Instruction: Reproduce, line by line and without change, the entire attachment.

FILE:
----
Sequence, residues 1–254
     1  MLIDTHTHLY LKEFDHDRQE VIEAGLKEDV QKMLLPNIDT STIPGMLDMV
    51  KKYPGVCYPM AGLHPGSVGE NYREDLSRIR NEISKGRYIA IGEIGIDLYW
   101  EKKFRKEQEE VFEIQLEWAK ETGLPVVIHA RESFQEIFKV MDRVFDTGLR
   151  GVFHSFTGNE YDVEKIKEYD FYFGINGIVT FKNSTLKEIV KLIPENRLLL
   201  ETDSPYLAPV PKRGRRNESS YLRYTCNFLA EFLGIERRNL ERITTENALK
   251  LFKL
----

Sequence, residues 1–254
     1  MLIDTHTHLY LKEFDHDRQE VIEAGLKEDV QKMLLPNIDT STIPGMLDMV
    51  KKYPGVCYPM AGLHPGSVGE NYREDLSRIR NEISKGRYIA IGEIGIDLYW
   101  EKKFRKEQEE VFEIQLEWAK ETGLPVVIHA RESFQEIFKV MDRVFDTGLR
   151  GVFHSFTGNE YDVEKIKEYD FYFGINGIVT FKNSTLKEIV KLIPENRLLL
   201  ETDSPYLAPV PKRGRRNESS YLRYTCNFLA EFLGIERRNL ERITTENALK
   251  LFKL